The historian Henry Fishwick was aware of this survey and composed his own plan of the castle, and wrote about it in the Transactions of Lancashire and Cheshire Antiquarian Society. He published more about what was known of it in his History of Rochdale book, giving us the most complete knowledge to date on it. His detailed drawing is reproduced above.

Castle Hill House sits on top of the site of the castle keep (private residence).

What Survives Today

Today, the site of the motte and bailey has been levelled and covered in houses. A large square Georgian house sits on the area where the castle once stood. This is Castle Hill House, built in 1820. Part of the earth rampart of the bailey survives and in 1972, a Mr Page, curator of the Rochdale Museum, dug a trench across it. However, he only found pottery dating to the 1800s in it.

The site is still worth seeing, especially in winter when the trees that grow on the surrounding natural steep slopes are bare.

Park on the side street of Manchester Road (just off the A58 through Rochdale, also called Manchester Road). Head up towards the car repair garage on your right. If you look past the garage, up on the hill is Castle Hill House. This can clearly be seen at the edge of the natural cliff, marking the point where the wooden castle keep once stood (although in summer the trees obscure this view). Continue up Manchester Road until you reach the Castle Inn (now permanently closed). Turn right onto Castle Hill Crescent. This steep climb leads you into the bailey area, now covered with houses and bungalows either side. You can walk to the end of the Castle Hill Crescent to view the grand Castle Hill House (private residence) which marks the position of the motte. The large mature trees that surround it mark the steep sides where the hill drops away to give the site its natural defence.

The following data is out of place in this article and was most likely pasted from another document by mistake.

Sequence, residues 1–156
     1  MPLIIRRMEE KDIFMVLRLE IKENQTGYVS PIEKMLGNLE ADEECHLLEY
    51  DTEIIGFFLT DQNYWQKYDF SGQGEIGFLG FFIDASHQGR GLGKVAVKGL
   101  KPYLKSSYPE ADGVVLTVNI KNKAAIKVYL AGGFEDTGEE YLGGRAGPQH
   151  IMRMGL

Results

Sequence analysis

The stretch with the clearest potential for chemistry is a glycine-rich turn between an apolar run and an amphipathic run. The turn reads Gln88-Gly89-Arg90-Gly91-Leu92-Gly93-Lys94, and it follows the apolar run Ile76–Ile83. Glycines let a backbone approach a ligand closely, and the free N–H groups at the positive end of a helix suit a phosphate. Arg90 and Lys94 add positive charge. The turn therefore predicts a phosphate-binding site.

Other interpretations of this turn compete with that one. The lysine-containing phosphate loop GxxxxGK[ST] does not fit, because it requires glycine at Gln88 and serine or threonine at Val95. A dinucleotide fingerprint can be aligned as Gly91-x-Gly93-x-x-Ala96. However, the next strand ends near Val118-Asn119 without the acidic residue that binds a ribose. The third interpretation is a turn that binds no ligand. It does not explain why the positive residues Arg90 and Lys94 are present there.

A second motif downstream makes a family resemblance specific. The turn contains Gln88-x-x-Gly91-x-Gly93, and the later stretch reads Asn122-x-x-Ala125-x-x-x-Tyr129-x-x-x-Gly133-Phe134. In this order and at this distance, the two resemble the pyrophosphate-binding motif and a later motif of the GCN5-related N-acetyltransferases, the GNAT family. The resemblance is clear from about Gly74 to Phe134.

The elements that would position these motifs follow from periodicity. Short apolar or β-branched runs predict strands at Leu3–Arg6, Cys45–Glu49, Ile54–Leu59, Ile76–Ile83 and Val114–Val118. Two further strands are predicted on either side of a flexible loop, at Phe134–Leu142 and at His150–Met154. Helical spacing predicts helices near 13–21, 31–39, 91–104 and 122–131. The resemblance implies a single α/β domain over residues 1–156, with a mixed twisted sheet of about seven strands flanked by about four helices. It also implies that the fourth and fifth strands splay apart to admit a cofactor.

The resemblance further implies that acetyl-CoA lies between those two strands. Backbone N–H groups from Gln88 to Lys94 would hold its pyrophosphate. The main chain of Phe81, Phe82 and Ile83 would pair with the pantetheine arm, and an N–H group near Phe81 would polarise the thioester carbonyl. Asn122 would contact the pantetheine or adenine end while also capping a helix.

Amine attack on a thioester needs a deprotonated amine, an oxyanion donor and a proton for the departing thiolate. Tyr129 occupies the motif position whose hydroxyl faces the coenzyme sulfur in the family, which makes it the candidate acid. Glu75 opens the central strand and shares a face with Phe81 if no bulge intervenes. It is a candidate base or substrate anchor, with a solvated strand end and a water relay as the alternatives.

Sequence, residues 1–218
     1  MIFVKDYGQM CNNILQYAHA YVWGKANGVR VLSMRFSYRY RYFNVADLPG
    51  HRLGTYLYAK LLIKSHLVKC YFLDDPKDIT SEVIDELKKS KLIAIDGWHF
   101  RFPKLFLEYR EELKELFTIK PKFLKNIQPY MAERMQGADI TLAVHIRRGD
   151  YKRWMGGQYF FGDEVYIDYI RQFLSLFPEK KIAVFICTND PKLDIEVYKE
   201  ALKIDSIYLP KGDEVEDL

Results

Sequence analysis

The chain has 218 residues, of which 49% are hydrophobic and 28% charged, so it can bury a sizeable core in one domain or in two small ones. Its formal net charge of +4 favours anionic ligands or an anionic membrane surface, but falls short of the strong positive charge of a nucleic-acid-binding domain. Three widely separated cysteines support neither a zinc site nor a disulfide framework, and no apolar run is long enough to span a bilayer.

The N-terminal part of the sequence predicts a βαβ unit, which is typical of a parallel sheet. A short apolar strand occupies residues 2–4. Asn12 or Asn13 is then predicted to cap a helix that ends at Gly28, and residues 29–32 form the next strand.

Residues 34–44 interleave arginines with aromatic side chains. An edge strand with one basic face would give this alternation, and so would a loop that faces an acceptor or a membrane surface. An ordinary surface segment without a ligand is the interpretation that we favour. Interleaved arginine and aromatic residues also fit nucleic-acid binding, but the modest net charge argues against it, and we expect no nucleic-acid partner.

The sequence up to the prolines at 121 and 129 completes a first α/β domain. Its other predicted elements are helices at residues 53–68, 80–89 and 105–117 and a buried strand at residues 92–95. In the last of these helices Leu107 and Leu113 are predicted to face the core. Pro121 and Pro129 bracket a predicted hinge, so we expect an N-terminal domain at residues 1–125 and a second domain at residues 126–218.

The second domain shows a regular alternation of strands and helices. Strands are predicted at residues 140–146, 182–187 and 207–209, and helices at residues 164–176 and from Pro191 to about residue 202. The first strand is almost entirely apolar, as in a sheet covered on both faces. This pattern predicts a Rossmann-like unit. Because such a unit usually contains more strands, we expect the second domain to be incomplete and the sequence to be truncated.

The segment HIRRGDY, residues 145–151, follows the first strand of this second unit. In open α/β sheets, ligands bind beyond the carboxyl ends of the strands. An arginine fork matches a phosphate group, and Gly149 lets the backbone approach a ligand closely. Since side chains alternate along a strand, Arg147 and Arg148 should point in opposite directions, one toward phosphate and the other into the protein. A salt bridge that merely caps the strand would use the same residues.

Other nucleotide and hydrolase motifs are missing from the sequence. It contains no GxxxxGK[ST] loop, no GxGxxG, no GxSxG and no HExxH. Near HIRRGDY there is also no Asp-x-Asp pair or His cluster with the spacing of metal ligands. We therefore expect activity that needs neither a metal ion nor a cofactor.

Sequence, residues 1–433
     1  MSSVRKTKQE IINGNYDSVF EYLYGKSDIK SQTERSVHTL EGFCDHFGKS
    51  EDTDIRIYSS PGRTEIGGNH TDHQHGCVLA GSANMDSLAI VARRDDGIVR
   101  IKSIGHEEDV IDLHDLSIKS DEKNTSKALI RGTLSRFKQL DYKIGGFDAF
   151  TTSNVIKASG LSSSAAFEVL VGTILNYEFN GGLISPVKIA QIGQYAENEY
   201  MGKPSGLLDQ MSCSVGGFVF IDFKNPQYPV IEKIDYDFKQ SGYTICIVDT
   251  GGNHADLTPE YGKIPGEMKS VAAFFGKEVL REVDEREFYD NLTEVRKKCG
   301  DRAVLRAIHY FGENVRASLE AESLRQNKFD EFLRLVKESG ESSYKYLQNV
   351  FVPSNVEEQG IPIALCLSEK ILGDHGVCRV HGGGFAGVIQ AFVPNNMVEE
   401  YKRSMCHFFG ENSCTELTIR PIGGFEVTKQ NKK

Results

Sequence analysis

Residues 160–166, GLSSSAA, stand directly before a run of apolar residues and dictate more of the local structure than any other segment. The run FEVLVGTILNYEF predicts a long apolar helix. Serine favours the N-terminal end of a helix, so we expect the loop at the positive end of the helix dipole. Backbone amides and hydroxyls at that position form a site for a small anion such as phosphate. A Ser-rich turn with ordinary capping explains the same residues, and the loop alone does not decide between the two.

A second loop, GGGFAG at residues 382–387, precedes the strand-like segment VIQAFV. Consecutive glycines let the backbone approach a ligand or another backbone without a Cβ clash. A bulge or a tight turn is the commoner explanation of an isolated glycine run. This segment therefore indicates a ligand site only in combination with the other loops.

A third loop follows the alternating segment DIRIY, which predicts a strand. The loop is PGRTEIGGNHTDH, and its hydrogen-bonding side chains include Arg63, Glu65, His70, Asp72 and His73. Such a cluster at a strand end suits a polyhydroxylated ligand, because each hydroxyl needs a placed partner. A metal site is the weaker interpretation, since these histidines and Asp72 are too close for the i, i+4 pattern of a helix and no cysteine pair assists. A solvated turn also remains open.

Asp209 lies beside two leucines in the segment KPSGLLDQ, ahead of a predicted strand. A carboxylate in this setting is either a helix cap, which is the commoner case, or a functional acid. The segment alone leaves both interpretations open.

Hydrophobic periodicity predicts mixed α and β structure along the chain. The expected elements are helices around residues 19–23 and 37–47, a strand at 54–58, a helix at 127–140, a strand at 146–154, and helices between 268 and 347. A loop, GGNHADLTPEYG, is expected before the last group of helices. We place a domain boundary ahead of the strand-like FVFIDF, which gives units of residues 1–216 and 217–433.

Site visited by A. Bowden 2020


To find on Google Maps type in ‘Castle Hill Crescent Rochdale’.

Park on the side road called Manchester Road (off the A58 main Manchester Road). To view the castle from the bottom of the site, or from where the motte and bailey was, follow the above instructions. The castle is at grid reference 8912 1286 (on OS and A-Z maps).

Nearby, just a short drive away

The Co-operative Pioneers, Rochdale Cemetery

A little further afield

Piethorne Valley Reservoirs

Watergrove Reservoir and Drowned Village

Ellenroad Enginehouse and Museum

Cowm Reservoir and Deserted Valley


The History of the Parish of Rochdale in the County of Lancaster, Henry Fishwick (1899). Available to view for free and download as pdf  from Touchstones Museum here  or from Chetham’s Library here

Townships: Castleton, in A History of the County of Lancaster: Volume 5, ed. William Farrer and J Brownbill (London, 1911), pp. 201-206. British History Online [accessed 21 February 2020

Rochdale Castle

Domesday Book: Cheshire, Edited by Philip Morgan (1978) Phillimore. (Lancashire did not exist as a separate county at the time of Domesday).

Lancashire Castles and Towers, Leslie Irving Gibson (1977) Dalesman Books

A Frontier Landscape: The North West in the Middle Ages, Nick Higham (2004) Windgather Press–1211)